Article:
Fifty years ago, America was captivated by the images of the Moon and the sight of Neil Armstrong and Buzz Aldrin setting foot on the lunar surface for the very first time.

Only about 60 percent of Americans in 2019 were alive and old enough to still remember that day in 1969. Millennials and Generation X, this was bigger than watching the Kentucky Derby or the Super Bowl, bigger than a Presidential Election. This was history – on the scale of the whole world. America was the first to put man on the moon. Families – young children, parents and grandparents – all crowded around their simple television sets, waiting, nervous, to see the stars and stripes wave.

It was history – but also part of a scientific mission to gain a better understanding of our moon and part of our solar system. And although there’s been a large gap in Americans setting foot on the lunar surface, it doesn’t mean we’ve stopped exploring it. The Lunar Reconnaissance Orbiter (LRO) has been orbiting the moon, day and night, taking measurements and photos of our Moon.

The images we see of the moon today are more captivating than ever. The images below are of the Apollo 11 landing site, which is only about the size of a baseball field, but as clear as watching a baseball game at home on your high-def TV.

The Lunar Module, still sitting there, untouched, 50 years later…

Lunar Module of Apollo 11 landing site
NASA

The TV Camera used to broadcast this moment in history into homes across America for the very first time…

TV Camera Apollo 11 Landing site
NASA

And Footprints, where Neil Armstrong ventured to the nearby Little West Crater to collect samples of Moon Rock to bring back to Earth…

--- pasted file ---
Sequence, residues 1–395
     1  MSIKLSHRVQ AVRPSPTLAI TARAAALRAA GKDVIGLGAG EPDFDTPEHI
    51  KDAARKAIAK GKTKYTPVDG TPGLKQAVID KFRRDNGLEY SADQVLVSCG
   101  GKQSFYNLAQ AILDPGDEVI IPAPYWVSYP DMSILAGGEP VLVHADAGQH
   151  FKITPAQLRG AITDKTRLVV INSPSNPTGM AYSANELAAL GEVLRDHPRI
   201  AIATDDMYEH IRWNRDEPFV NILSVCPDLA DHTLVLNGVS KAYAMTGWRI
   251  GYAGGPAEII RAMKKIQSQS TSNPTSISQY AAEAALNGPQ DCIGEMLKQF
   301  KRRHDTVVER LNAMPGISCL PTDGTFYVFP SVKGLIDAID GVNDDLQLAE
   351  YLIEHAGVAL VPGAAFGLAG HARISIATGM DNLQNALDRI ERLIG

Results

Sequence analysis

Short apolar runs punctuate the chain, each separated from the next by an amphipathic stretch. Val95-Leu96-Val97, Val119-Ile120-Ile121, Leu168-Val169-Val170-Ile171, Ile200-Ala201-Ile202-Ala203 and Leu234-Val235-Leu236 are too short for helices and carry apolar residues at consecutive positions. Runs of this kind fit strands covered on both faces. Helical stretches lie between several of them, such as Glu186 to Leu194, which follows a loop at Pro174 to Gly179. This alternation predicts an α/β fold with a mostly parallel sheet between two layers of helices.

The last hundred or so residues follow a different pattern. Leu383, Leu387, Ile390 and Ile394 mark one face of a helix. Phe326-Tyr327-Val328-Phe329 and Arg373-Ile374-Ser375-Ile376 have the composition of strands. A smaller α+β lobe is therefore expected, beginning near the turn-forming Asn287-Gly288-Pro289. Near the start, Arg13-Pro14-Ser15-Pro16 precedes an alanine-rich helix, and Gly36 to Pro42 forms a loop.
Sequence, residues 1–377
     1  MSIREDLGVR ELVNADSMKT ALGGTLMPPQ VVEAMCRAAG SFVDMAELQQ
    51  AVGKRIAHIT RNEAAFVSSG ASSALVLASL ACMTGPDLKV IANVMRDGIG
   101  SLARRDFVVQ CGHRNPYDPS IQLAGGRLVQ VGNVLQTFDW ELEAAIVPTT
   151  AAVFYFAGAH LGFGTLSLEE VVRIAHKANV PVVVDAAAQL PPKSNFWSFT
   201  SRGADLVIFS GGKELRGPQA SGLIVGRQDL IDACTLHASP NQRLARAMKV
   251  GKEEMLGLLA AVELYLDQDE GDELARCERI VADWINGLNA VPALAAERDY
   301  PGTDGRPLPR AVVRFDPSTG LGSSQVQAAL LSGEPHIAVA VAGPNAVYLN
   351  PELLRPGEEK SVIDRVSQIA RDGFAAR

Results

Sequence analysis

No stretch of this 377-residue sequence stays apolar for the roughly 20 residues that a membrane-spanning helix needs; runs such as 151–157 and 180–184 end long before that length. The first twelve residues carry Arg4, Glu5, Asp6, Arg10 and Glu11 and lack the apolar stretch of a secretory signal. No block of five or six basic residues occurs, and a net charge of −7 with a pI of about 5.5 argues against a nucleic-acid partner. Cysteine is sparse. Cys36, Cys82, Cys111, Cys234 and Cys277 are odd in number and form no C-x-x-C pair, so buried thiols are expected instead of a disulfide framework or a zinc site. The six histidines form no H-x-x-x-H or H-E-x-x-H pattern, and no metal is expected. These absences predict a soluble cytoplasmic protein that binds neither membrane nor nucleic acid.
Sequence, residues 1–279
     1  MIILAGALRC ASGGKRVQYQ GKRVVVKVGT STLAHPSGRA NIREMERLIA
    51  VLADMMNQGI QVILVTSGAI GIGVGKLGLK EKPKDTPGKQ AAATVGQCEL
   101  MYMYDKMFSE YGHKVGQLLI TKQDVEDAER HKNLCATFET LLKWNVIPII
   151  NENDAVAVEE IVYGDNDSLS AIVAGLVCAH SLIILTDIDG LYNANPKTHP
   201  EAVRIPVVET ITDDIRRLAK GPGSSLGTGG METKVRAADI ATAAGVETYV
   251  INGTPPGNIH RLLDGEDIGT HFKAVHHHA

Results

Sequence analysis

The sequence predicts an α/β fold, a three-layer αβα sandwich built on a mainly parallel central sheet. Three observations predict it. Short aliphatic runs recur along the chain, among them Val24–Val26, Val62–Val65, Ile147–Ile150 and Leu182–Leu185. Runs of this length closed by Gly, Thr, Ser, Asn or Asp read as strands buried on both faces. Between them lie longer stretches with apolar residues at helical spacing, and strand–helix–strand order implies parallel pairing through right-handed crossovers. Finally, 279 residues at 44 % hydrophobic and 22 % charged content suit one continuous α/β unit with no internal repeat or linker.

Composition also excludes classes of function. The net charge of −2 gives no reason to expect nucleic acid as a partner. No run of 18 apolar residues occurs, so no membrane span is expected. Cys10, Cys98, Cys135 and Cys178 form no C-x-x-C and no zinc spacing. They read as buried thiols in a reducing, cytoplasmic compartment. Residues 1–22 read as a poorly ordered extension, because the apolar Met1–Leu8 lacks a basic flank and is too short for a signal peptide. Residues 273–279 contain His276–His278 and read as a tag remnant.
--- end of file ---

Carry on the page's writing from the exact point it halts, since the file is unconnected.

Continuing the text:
Neil Armstrong Footprints and Tracks
NASA

For Dr. Noah Petro, A Project Scientist with LRO at NASA, these images mean even more.

His dad, Dr. Dennis Petro, was an engineer and part of the team that helped to design and test the backpacks the astronauts wore during the Apollo missions. Before the sent man to the moon, the entire team etched their names inside the backpacks before their 238,900-mile-long journey to the moon.

Petro Family History
Petro Family


He can spot these backpacks, 238,900 miles away, which are bright white dots, viewed by the Lunar Reconnaissance Orbiter.

Backpacks
NASA

Our knowledge of the moon, it’s geography, and even a basis of understanding underneath the surface of the moon, has become more detailed with the LRO over the last 10 years. A Robotic Spacecraft orbiting the moon, the instruments on board have a goal of mapping a detailed look at the surface of the moon, including what the topography is and how the temperatures change from section to section, hour by hour, and season by season. They’ve been able to find the hydrogen deposits in regions cold enough for water ice to survive. This discovery, in particular, is pretty incredible.


With the Lunar Reconnaissance Orbiter, scientists like Dr. Noah Petro now have a deeper understanding of the lunar environment. This will make the next generation of human travel to the moon safer, and this new knowledge base will help us send humans even further in our solar system in the future starting in 2024.

As Dr. Dennis Petro helped put man first on the Moon, his son, Dr. Noah Petro, will help with this next generation of human space travel.